poverty rates exclude G20 advanced countries.
Source: ILO Trends Econometric Models, November 2016.
The labour market is expected to respond weakly
to the anticipated pickup in economic activity
As economic growth stabilizes in Eastern Europe, the unemployment rate is projected to decline,
but only gradually, to reach 6.1 per cent in 2017. This reflects falling unemployment rates in most
of the countries in the region, notably the Czech Republic, Hungary and Poland, largely offset by increasing unemployment in Bulgaria, Romania and the Russian Federation. Considering that regional
employment growth is projected to remain in negative territory, the expected unemployment reduction is mainly attributable to a reduction in the labour force of 0.7 per cent per year between 2016
and 2018, partly explained by rising emigration rates. Meanwhile, the share of workers in vulnerable
employment is expected to increase for the first time since 2009, reaching 11.2 per cent in 2016 and
edging further upwards in 2017 (table 9).
Unlike in Eastern Europe, the relatively strong rebound in economic growth in Central and Western
Asia is not matched by falling unemployment. The regional unemployment rate is indeed expected to
increase from 8.9 per cent in 2016 to 9.2 per cent in 2017, driven by growing unemployment in Turkey,
among other countries. This increasing unemployment rate reflects the relatively fast growth of the subregional labour force, which is expected to outpace the number of jobs created. This is mainly because
economic growth is based on a narrow range of commodity sectors, which have limited potential to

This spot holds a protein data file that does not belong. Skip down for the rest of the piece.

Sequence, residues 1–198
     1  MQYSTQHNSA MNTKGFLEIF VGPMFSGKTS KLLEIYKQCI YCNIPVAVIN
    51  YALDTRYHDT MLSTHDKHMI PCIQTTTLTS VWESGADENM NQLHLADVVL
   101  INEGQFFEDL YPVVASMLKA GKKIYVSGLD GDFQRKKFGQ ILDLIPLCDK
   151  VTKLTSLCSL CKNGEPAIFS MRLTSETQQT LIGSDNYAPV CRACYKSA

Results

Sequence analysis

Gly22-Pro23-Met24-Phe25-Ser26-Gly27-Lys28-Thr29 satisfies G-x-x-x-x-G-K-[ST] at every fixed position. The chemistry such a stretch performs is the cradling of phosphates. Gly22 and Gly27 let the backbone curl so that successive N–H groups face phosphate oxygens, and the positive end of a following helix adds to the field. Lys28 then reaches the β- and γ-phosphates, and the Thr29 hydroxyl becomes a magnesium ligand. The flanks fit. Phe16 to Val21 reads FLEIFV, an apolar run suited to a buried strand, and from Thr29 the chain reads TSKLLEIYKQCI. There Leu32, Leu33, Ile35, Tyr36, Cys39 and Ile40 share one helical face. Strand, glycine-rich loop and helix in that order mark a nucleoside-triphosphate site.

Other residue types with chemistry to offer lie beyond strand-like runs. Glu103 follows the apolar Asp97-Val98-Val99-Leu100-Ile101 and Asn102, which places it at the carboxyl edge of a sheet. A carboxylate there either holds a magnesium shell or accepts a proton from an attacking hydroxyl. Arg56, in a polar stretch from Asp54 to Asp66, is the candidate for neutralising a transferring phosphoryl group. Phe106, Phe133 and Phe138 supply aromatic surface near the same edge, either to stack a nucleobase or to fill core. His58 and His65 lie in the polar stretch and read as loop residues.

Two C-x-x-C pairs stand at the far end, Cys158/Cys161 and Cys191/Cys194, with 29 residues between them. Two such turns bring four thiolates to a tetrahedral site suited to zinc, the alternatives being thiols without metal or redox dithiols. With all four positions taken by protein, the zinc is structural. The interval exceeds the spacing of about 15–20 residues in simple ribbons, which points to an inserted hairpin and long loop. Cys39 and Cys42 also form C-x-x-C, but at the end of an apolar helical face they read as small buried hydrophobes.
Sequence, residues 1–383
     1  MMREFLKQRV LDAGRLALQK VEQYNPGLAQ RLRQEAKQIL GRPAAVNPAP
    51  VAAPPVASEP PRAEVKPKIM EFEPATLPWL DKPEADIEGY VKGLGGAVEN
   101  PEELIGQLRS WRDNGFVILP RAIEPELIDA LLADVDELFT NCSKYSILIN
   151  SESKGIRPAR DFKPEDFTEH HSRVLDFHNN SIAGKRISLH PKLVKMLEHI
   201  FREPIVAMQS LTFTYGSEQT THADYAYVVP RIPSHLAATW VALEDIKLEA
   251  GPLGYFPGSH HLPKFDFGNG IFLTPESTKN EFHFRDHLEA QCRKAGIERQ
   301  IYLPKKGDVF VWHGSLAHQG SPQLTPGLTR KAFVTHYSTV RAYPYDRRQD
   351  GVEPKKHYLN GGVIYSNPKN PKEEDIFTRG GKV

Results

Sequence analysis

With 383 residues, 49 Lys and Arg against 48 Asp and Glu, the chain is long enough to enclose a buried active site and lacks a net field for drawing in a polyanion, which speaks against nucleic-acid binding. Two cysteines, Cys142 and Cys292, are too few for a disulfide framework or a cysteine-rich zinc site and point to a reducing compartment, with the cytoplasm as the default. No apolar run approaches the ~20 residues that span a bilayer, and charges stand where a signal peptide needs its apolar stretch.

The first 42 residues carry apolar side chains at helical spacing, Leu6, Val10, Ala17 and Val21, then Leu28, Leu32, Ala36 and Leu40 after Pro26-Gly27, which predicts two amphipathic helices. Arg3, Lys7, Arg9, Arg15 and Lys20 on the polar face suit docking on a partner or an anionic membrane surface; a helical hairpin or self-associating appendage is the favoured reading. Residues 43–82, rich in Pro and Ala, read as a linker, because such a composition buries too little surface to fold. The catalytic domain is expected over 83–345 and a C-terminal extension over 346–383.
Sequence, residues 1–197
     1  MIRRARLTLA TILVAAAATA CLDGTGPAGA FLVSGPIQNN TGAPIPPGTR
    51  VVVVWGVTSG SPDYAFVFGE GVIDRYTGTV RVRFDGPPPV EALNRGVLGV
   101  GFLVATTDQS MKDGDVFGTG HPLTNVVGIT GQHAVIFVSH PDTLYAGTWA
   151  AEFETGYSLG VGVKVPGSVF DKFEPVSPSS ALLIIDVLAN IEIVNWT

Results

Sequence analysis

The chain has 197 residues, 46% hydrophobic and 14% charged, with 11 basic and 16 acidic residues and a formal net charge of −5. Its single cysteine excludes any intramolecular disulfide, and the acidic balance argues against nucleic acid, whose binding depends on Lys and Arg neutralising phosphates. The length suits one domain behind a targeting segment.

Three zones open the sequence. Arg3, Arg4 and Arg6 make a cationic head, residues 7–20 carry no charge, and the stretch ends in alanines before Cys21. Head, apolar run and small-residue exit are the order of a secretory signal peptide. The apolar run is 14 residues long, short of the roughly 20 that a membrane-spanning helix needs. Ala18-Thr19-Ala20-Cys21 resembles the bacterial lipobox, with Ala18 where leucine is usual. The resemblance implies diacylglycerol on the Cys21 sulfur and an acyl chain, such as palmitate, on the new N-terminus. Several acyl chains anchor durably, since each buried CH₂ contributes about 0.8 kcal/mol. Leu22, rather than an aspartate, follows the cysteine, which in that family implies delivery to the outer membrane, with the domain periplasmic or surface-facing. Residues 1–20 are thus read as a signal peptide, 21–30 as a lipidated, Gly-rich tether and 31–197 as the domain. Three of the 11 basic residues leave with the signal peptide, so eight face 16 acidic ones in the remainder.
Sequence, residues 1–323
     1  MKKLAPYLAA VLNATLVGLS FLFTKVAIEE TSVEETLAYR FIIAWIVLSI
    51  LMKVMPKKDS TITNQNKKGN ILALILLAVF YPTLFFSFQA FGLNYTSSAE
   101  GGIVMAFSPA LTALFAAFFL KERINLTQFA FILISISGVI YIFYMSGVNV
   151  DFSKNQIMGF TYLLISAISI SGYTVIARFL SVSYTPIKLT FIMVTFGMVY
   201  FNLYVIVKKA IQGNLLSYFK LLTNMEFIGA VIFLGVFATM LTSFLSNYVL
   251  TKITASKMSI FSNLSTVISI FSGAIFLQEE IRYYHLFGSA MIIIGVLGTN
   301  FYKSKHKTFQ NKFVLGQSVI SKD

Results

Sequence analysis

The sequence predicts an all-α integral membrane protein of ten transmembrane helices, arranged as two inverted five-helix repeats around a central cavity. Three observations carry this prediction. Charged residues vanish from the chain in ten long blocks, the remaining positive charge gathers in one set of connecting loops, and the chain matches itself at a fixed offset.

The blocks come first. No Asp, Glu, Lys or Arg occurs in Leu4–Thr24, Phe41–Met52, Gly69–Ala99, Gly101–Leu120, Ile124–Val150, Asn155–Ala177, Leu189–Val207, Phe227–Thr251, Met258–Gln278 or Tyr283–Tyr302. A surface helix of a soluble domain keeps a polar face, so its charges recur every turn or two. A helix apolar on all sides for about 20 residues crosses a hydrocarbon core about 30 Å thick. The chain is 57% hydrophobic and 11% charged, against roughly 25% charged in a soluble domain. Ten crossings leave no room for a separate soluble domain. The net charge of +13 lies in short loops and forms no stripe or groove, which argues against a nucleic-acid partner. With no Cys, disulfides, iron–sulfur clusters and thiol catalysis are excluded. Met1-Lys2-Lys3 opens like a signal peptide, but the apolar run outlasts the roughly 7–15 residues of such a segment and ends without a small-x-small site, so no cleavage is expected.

generate jobs. However, the share of people in vulnerable employment is projected to continue on a
downward trend, remaining below 30 per cent of the employed population in 2017 – compared with
35 per cent a decade ago.
In light of the limited labour market improvements, social progress is stalling
The percentage of workers in moderate or extreme poverty (i.e. living on less than US$3.10 per day) in
Central and Western Asia is relatively low by international standards – estimated at 6.6 per cent of the
working population in 2016 (table 9) – and is expected to continue to fall, but at a much slower pace
than it did over the past decade. In non-EU Eastern Europe, the incidence of extreme and moderate
working poverty should remain stable at around 3 per cent. Yet, relative poverty rates – i.e. the share
of people living below 60 per cent of median disposable income – increased in 2015 in the majority of
countries belonging to the EU, most notably Bulgaria, Hungary and Poland, while remaining below the
average level in the rest of the EU.
30
World Employment and Social Outlook – Trends 2017
Appendix A. Regional, country and income groupings
Africa
Americas
Asia and the Pacific
Europe and Central Asia
Northern Africa
Algeria
Egypt
Libya
Morocco
Sudan
Tunisia
Western Sahara
Latin America
and the Caribbean
Antigua and Barbuda
Argentina
Bahamas
Barbados
Belize
Bolivia, Plurinational State of
Brazil
Chile
Colombia
Costa Rica
Cuba
Dominica
Dominican Republic
Ecuador
El Salvador
Grenada
Guatemala
Guyana
Haiti
Honduras
Jamaica
Mexico
Netherlands Antilles
Nicaragua
Panama
Paraguay
Peru
Puerto Rico
Saint Kitts and Nevis
Saint Lucia
Saint Vincent and
the Grenadines
Suriname
Trinidad and Tobago
United States Virgin Islands
Uruguay
Venezuela, Bolivarian
Republic of
Eastern Asia
China
Hong Kong, China
Japan
Korea, Democratic People’s
Republic of
Korea, Republic of
Macau, China
Mongolia
Taiwan, China
Northern, Southern
and Western Europe
Albania
Andorra
Austria
Belgium
Bosnia and Herzegovina
Channel Islands